[Xy-pic] distance betwen double arriws

Ross Moore ross.moore at mq.edu.au
Wed Mar 19 23:52:16 CET 2014

Hi Michael, Kris Rose, and others

On 20/03/2014, at 7:07 AM, Michael Barr wrote:

> If you use diagxy (or the barr option in the latest version of xy), the problem does not seem to arise.  Or you can use the arrow offset feature to place the arrows separately.

The problem is rather interesting.

We tried to create wider double arrows using coding such as:

 \ar @<2pt>@{-}@*{[|(4)]}[d]|-(1)*{\hole}
 \ar @<-2pt>@{-}@*{[|(4)]}[d]|-(1)*{\hole}
 \ar @2@{{}>}@*{[|(4)]}[d]

but when using the XY-ps backend (i.e. TeX+dvi+Ghostscript)
 --- necessary to implement the  @*{[|(4)]}  for thicker lines
an extra dot appears.

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In the above image, the right line uses the *{\hole}
whereas the left line uses 

    \ar @<-2pt>@{-}@*{[|(4)]}[d(.68)]

I can trace the internal coding to a line of zero length
in the final PostScript output.

       {0.0 0.0 l}xy

thus giving a dot at the concurrent endpoints,
since there is a round line-cap.

The question then arises whether this is a bug or a feature.
If a bug, where should the conditions be picked up,
and how should it be fixed?

Should Xy-pic detect that the line is zero length?
e.g. in the  \checkoverlap@@  method

I can imagine situations where you want an object at
a line of zero length; e.g. when using a finite object
set successively along the line.

Should the method to place the line segment code
be where to detect this; e.g.
  in  \xyPSspread@  or  \xyPSsolidSpread@
  which are driver-specific.

Other drivers would then need such a test also?
And other spread methods would need patching too.

Or patch it in the PostScript library,
so that the 'l' operator checks whether its arguments 
(Reverse Polish) are not both zero?

Personally I think that these are too low-level to be
the correct places to patch.
The problem arises because a break in the line/arrow
is meant to include an end-point. When this happens,
surely the coding should not generate the zero-length
line in the first place.

I'm trying to determine where within the Xy-pic internals
a test can be done to allow such a decision to be made.

> Michael
> On Wed, 19 Mar 2014, xy-pic-request at tug.org wrote:
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>> Today's Topics:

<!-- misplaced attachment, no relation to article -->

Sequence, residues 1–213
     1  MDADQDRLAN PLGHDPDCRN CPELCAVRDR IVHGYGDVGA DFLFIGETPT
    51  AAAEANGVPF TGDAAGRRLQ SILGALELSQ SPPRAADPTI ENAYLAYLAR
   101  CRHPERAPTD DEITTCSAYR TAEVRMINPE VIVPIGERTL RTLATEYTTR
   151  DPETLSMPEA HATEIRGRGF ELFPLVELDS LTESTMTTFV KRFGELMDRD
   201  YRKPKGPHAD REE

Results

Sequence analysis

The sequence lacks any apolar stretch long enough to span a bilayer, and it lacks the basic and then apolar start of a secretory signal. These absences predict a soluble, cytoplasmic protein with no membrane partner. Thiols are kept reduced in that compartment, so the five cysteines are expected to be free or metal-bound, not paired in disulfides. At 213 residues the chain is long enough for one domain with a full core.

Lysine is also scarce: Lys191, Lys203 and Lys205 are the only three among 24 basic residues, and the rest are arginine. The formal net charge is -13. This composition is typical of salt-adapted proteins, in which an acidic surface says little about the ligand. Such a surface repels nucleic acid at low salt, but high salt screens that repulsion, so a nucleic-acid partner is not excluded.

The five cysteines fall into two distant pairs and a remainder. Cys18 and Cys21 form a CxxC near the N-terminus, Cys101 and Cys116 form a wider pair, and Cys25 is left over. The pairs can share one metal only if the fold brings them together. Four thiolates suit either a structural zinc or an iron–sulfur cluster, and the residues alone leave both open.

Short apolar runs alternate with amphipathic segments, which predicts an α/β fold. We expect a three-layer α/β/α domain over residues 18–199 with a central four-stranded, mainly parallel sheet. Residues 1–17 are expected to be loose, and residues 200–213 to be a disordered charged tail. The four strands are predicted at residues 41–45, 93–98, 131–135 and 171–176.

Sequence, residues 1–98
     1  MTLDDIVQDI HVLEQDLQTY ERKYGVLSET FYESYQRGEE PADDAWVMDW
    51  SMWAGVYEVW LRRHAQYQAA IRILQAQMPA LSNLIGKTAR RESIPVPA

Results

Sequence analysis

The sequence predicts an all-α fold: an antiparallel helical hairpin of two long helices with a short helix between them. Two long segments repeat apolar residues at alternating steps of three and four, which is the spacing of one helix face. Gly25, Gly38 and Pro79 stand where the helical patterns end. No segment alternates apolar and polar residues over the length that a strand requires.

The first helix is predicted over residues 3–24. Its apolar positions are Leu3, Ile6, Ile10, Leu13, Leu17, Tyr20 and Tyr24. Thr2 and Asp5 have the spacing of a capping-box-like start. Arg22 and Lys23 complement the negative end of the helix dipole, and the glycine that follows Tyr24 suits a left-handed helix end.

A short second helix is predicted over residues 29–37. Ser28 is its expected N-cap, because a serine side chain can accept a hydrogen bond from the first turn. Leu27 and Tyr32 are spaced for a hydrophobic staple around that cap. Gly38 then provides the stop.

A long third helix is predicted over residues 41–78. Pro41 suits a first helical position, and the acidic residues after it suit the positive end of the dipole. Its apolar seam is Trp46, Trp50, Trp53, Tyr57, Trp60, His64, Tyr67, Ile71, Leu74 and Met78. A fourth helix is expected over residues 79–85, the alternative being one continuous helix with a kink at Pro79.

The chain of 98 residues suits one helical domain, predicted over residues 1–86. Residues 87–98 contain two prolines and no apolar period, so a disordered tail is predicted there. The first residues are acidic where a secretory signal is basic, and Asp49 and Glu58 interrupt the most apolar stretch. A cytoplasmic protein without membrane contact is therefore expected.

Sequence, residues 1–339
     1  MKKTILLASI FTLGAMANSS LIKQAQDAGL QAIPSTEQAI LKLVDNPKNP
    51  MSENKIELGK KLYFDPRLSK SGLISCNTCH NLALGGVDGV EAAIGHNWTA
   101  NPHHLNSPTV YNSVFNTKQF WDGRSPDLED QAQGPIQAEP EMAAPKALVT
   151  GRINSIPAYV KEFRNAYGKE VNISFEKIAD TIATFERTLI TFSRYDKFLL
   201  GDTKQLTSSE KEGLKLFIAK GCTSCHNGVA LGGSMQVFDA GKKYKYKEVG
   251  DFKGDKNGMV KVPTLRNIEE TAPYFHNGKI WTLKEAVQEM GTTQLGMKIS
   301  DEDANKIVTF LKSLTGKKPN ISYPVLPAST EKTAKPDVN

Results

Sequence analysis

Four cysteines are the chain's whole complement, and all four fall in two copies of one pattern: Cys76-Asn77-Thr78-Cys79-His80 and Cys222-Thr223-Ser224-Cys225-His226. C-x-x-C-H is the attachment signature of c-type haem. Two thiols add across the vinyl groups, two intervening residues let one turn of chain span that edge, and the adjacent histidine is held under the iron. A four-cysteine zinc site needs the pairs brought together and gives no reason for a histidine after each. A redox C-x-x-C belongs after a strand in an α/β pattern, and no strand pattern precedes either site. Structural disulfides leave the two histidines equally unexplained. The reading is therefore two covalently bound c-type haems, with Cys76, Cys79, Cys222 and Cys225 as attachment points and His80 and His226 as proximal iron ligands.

>>  1. Re: double arrows (Ross Moore)
>> ----------------------------------------------------------------------
>> Message: 1
>> Date: Thu, 20 Mar 2014 06:53:59 +1100
>> From: Ross Moore <ross.moore at mq.edu.au>
>> To: Davide Sangiorgi <Davide.Sangiorgi at cs.unibo.it>
>> Cc: "xy-pic at tug.org list" <xy-pic at tug.org>
>> Subject: Re: [Xy-pic] double arrows
>> Message-ID: <BB70F58F-528C-475A-8D6E-DACC5043CC1E at mq.edu.au>
>> Content-Type: text/plain; charset="us-ascii"
>> Hi Davide,
>> On 20/03/2014, at 12:18 AM, Davide Sangiorgi wrote:
>>> Dear Ross:
>>> Putting postive numbers does not seem to help:
>>> now the shortening of the line and the dots go at the other end of the lines.  Thanks.  If you happen to find out something, i'd be very interested (i use weak arrows a lot in my talks)
>> Here is a way to do it; but there is a catch.
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>> \ar @<2pt>@{-}@*{[|(4)]}[d(.68)]
>> \ar @<-2pt>@{-}@*{[|(4)]}[d(.68)]
>> \ar @2@{{}>}@*{[|(4)]}[d]
>> That number (.68) needs to be found by trial and error.
>> It is the fraction of the distance to the matrix position
>> of the cell [d] from the target.
>> It will be different for different diagrams if you adjust the
>> row spacing, and different for longer arrows connecting cells
>> further apart, etc.
>> But if you use it a lot, some numbers with become quite common
>> for you.
>> In practice, you can pass it as an argument to a macro
>> e.g. with argument pattern
>>   \dblar[#1](#2)
>>  ---> \ar @<2pt>@{-}@*{[|(4)]}[#1(#2)] etc.



Ross Moore                                       ross.moore at mq.edu.au 
Mathematics Department                           office: E7A-206      
Macquarie University                             tel: +61 (0)2 9850 8955
Sydney, Australia  2109                          fax: +61 (0)2 9850 8114

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